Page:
Monday, January 25, 2016

Fairy post #17 - Interview with Belinda Calderone


The Australian Fairy Tale Society's third annual conference comes to Melbourne this year on Sunday 26th June in Caulfield, Victoria.

Call For Presentations closes 29th January. 

Theme: "Into the Bush: Its Beauty and Its Terror".


with Australian Fairy Tale Society President, Dr Belinda Calderone


Dr Belinda Calderone became President of The Australian Fairy Tale Society in 2015, having commenced leadership of The Monash Fairy Tale Salon in 2010. She recently submitted her thesis entitled “Mothers, Monsters and Midwives: The Evolution of Motherhood in European Fairy Tales”. We're proud to feature her on this fairy ring page.

Belinda Calderone


L: How did you discover The Australian Fairy Tale Society? When did you meet its founders?

B: One of the AFTS founders, Reilly McCarron, was a presenter at my very first MFTS event in 2012! I remember her saying even then how she’d love to have a fairy tale group in Sydney. We stayed in touch and in 2014 I was so excited to hear that she had joined forces with Jo Henwood and that the plan had come to fruition. I finally met wonderful co-founder Jo Henwood at the very first AFTS conference that year.

L: In AFTS's 2015 conference you were MC. Your technological skills impressed me, e.g. assisting presenters with equipment or software compatibility, as did your talent for public relations - with people from diverse sectors, cultures and generations. You made us all very welcome. Highlights of that day for you?

B: I’m delighted that you were impressed and that you felt welcome! I really enjoyed being MC. The highlight for me was the dynamic between the presenters and the audience on that day. Some conferences can have a bit of a tense and competitive vibe, with presenters being grilled in a very hostile way! But there was such a feeling of warmth, acceptance, and camaraderie in the room.

L: In an adjoining AGM, we voted you in as our new AFTS President. How is it going?

B: Becoming the AFTS President was a bit scary initially. I wasn’t sure if I was up to the job. But now that I’ve been in the role for almost 6 months, I feel very settled in. I have an incredible committee on this journey with me, and I’m honoured to be guiding us through the woods - or the bush, rather!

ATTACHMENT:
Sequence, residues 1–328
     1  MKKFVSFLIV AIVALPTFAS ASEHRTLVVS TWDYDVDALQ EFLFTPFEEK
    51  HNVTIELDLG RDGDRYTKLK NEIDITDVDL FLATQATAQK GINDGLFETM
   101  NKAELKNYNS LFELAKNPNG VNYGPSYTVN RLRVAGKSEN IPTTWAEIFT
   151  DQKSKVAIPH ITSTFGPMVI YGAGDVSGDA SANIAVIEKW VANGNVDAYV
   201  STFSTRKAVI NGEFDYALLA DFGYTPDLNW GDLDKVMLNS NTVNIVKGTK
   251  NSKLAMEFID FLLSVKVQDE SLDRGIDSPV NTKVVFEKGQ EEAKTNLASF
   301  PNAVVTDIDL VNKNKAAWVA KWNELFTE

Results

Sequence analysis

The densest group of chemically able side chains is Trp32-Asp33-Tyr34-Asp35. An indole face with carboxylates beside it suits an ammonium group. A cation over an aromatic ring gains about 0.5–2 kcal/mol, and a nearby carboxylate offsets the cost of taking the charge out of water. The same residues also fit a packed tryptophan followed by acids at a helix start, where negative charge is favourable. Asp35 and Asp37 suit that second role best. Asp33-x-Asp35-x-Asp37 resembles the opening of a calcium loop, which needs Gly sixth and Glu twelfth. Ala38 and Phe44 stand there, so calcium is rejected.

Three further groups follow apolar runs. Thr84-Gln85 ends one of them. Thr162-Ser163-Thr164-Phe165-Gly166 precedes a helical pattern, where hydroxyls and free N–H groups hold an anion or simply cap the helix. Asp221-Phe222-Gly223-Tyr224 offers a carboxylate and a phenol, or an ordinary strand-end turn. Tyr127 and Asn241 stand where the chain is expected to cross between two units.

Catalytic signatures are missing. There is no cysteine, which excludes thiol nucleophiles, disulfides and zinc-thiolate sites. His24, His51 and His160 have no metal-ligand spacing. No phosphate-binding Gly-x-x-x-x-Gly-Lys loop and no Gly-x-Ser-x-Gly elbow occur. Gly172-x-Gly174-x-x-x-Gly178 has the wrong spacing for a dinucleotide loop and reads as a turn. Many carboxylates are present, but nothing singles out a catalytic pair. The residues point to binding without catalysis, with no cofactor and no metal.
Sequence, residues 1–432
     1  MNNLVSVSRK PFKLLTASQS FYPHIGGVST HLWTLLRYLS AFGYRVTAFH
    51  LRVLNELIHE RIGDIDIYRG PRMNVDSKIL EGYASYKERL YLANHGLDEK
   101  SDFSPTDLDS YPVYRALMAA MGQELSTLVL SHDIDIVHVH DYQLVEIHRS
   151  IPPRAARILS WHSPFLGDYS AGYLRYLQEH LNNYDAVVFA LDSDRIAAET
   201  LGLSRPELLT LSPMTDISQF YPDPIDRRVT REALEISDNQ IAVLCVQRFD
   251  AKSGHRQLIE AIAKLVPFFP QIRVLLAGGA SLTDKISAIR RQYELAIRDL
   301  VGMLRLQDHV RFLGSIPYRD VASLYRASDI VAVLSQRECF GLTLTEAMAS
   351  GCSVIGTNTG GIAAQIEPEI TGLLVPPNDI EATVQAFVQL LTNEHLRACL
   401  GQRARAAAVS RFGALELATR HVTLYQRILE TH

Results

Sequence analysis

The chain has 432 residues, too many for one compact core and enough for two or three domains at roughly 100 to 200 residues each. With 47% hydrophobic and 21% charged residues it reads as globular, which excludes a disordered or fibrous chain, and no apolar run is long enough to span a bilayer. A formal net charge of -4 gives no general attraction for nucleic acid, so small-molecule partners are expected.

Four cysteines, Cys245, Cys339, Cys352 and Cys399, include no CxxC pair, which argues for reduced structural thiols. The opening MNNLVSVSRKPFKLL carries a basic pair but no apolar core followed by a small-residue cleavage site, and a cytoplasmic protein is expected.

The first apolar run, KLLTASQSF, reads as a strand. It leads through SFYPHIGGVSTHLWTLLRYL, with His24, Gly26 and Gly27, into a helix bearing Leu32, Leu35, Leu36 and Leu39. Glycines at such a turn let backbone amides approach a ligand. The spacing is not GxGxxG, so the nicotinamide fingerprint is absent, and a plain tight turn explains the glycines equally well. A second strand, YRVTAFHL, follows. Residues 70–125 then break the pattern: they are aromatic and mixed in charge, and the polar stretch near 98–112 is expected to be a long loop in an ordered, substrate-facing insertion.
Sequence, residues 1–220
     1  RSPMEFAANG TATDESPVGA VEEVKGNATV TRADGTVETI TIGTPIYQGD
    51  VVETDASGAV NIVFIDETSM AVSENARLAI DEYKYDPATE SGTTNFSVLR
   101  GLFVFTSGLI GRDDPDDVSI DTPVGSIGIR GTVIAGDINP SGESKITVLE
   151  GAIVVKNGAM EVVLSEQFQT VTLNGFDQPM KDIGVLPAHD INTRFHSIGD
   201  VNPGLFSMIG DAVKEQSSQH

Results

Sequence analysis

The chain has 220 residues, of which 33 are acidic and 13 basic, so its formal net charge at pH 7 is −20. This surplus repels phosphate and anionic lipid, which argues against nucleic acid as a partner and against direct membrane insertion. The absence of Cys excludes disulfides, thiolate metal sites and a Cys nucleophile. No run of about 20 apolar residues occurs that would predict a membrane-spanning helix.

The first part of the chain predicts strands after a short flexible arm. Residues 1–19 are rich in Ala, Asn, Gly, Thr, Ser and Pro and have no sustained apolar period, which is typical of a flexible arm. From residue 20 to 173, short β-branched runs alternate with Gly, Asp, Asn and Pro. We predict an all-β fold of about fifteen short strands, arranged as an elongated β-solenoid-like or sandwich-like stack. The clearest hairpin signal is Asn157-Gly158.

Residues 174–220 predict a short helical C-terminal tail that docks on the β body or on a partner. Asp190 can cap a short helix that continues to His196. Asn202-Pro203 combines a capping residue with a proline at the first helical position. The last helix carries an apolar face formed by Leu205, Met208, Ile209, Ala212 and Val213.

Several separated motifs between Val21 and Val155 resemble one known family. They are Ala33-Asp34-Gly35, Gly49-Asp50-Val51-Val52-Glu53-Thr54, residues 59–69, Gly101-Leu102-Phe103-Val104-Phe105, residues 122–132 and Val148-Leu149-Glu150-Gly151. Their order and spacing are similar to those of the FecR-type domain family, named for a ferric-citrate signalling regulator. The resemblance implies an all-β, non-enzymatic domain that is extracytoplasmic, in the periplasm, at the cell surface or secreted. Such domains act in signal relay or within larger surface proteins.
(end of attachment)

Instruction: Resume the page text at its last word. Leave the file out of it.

Bel, the Belle of the Bush & Books
L: What is your wish for the Australian Fairy Tale Society? (It seems that “vision” and its earlier incarnation “mission”, are used a lot now, but “wish” somehow feels more suitable here!)

B: I like the word “wish”. I think what makes the AFTS special is that it brings different kinds of people together – academics, writers, artists, performers, educators, the general public. My wish for the AFTS is for it to expand and really develop into a meeting point for people from different walks of life, a place of inclusion and warmth where anyone with a love of fairy tales is welcome.

Belinda Calderone, presenting at a fairy tale conference

L: It’s great how academics can read 200 articles or books and distill them into a 20 minute conference paper that the rest of us can enjoy. Thank you! For those of us outside academia, can you outline some salient points about fairy tales that we could imbibe? Or misconceptions to clear? E.g. many assume that the Grimm brothers were Europe’s quintessential folklorists, anthologists or collectors of fairy tales. Many famous tales are attributed to them. But there were significant French and Italian fairy tale spinners who inspired this German duo, right? For example, in 1697, Charlotte-Rose de Caumont de La Force published Persinette, who became the 1698 Rapunzel of brothers Grimm; and earlier that century, Giambattista Basile’s Il Pentamerone (The Tale of Tales) presented The Healing Tears, with Petrosinella (little parsley), a name of the herb Rapunzel. Comments?

B: Yes, absolutely! When I began my PhD on fairy tales, I had no idea that there were any European fairy tales published prior to those of the Grimms. It was quite a revelation! Sixteenth-century Italian author Giovan Francesco Straparola is acknowledged as the first European fairy tale author – he’s been referred to as the Fairy Godfather, which I quite like. 

Straparola's Puss in Boots illustrated by Gustav Dore

Then comes Giambattista Basile in seventeenth-century Italy.

Below: illustrations for
Giambattista Basile's fairy tales:
Stories from the Pentamerone


The She-Bear